Creationism makes no predictions. In fact, it prevents them: Why did this happen? God did it. Will it happen again? If God wants it to. Will it stop? If God gets bored. Can we influence it? If God decides to be influenced, yes. In the end, 'God' is unknowable and unexplainable, so by saying God did it we have stopped all thought, inquiry, or prediction on the topic.

Which is probably why it is attractive to some people: They don't want to think.

Re:Evolution is a theory too (0, Troll)

Entropius (188861) | more than 6 years ago | (#22094138)

Think about it.

I have. Have you, or do you let your pastor think for you?

"Theory" is just a term for "scientific idea that has some measure of acceptance and support." The theory of evolution has a huge amount of support, and is tested every day.

Re:Evolution is a theory too (1)

Billosaur (927319) | more than 6 years ago | (#22094298)

And it was labeled a "theory", as all good scientific explanations are. At the time. I think by now, "theory" is a misnomer when it comes to evolution. Scientifically speaking, it's on the same par as the "laws" of gravitation, planetary motion, and thermodynamics. Note I put these things in quotes, because even laws are subject to change, such as when Newtonian gravity was altered and enhanced by Einstein's theories.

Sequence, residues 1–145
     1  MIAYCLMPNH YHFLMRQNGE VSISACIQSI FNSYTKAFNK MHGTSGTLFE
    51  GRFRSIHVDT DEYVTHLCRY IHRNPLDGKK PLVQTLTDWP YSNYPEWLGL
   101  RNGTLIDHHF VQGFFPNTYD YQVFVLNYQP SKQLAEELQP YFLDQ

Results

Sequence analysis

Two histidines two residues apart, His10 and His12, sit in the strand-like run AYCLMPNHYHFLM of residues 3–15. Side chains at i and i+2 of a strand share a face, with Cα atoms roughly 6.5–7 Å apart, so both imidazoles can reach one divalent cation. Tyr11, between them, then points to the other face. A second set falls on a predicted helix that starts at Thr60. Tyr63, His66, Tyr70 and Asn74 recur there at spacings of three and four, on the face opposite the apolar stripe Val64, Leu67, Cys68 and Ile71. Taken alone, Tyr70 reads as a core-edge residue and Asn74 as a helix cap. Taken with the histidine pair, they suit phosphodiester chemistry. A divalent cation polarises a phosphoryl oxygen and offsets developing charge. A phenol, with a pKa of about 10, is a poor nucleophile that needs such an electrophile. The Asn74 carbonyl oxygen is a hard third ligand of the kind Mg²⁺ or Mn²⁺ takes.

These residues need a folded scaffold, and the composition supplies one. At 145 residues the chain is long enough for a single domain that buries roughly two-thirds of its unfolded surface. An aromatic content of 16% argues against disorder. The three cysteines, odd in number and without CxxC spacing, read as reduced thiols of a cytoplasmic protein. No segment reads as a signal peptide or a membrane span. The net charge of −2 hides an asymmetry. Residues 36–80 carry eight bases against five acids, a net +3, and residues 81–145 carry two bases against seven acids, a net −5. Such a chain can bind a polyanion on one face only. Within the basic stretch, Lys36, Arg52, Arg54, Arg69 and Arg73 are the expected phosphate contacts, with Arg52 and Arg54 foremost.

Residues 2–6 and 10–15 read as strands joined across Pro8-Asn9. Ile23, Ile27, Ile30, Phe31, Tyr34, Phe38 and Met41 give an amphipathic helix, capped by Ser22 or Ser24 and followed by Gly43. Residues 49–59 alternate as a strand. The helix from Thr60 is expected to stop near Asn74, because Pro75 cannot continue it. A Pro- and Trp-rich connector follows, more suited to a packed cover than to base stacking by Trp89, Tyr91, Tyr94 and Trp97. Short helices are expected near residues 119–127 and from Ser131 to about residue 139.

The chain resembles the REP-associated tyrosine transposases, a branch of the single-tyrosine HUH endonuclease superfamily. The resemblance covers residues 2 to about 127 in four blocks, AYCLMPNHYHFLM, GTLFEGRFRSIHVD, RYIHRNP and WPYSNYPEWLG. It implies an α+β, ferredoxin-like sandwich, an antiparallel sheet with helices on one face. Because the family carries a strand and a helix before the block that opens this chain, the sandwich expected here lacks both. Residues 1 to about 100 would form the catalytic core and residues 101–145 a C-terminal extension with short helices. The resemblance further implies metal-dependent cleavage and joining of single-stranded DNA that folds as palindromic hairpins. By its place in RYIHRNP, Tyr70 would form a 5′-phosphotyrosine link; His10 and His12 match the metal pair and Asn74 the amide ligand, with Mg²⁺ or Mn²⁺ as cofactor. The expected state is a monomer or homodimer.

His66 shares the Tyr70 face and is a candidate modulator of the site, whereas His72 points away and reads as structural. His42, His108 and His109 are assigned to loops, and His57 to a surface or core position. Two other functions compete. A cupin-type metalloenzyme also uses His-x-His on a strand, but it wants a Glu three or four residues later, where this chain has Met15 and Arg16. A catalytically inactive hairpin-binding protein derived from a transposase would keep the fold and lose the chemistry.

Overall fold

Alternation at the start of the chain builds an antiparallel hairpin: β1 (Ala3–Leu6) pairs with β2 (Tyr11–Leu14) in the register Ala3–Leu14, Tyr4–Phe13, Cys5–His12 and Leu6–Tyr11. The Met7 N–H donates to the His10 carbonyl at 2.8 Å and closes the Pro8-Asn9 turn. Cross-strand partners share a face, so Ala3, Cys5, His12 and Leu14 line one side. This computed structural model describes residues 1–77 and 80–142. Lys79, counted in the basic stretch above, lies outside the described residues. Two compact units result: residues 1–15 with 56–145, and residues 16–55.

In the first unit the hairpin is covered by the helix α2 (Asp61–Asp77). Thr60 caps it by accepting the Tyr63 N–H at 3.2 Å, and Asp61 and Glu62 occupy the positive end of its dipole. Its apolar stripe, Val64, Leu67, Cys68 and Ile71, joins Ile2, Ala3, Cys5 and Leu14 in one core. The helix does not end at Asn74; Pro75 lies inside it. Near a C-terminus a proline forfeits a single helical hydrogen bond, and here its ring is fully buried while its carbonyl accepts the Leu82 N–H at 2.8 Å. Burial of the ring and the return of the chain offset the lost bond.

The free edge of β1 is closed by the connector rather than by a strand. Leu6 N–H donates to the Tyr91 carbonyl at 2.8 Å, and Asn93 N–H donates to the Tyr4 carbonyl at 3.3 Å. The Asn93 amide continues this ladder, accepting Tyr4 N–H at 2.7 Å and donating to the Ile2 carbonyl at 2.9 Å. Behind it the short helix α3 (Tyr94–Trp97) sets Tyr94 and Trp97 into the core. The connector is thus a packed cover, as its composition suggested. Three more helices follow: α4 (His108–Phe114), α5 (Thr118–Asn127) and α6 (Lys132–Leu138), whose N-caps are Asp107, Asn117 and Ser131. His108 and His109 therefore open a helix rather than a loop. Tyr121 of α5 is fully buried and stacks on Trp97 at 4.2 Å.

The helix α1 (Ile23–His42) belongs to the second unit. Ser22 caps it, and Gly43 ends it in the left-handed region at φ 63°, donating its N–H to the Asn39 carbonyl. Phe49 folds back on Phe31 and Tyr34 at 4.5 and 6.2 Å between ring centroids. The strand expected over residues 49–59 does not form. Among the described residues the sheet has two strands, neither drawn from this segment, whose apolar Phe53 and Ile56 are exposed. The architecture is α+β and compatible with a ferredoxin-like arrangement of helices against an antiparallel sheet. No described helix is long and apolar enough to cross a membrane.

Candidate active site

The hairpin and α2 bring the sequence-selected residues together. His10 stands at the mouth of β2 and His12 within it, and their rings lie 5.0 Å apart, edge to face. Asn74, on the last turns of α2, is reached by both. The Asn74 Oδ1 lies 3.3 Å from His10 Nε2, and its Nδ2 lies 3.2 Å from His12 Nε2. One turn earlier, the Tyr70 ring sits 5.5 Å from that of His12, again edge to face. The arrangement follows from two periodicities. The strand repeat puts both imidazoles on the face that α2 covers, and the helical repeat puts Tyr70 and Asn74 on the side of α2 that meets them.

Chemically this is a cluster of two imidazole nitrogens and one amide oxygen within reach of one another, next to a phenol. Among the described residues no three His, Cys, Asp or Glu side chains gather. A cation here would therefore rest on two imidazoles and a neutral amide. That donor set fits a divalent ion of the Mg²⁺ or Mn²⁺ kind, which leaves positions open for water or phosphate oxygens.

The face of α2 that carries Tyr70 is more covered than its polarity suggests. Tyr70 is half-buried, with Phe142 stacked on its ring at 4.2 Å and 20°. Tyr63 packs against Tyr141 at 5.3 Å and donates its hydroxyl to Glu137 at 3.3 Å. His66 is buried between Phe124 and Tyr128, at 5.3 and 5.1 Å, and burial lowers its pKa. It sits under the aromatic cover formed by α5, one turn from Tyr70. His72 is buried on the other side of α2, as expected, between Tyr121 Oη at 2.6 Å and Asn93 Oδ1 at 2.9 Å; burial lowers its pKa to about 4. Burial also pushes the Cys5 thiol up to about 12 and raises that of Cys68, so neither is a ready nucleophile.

Re:Evolution is a theory too (1)

e4g4 (533831) | more than 6 years ago | (#22094478)

"theory" is a misnomer when it comes to evolution
I disagree. "theory" is perfectly apt for describing everything in science, be it evolution or gravitation. Calling it a "law" is, I think, dangerous as it projects the image that our understanding of the universe as framed in said laws is immutable, which is, of course, preposterous. The problem here is that creationists and scientists clearly disagree on the definition of the word "theory", and as anyone who's ever entered a heated debate knows, no meaningful discussion can be had when two parties disagree on fundamental definitions.

Re:Evolution is a theory too (1)

ByOhTek (1181381) | more than 6 years ago | (#22094532)

We are refining too much still to give it the same respect as gravity in terms of bredth and depth, but all things considered it is extremely unlikely that the "final" theory will be significantly different from what we have now for a scientist, or noticably different for the those who haven't studied it extensively.

What I call the "final" result is the state where all the main points and conjectures are highly unlikely to change, and the smaller details are what will get filled in. More or less the state (I think) Gravity is at today.

So is gravity (1)

spun (1352) | more than 6 years ago | (#22094174)

Theory means something different in the language of science than it does in everyday speech. All of science is theory. Gravity is a theory. The 'law' of supply and demand is a theory. Theories do not pretend to be fact, but good theories accurately predict outcomes. It doesn't matter whether they are true or not, they provide us with information. Creationism is not a theory because it can not be used to predict useful information. Theories can never be proven 'true' but they can be proven not to predict things correctly. As creationism makes no predictions that can be shown to be false, it can not be disproved like a real theory can. Therefore, it is useless mental masturbation. Evolution is not, it makes useful predictions, and so far, all of them have been shown to be true. So evolution has utility, whereas creationism has none.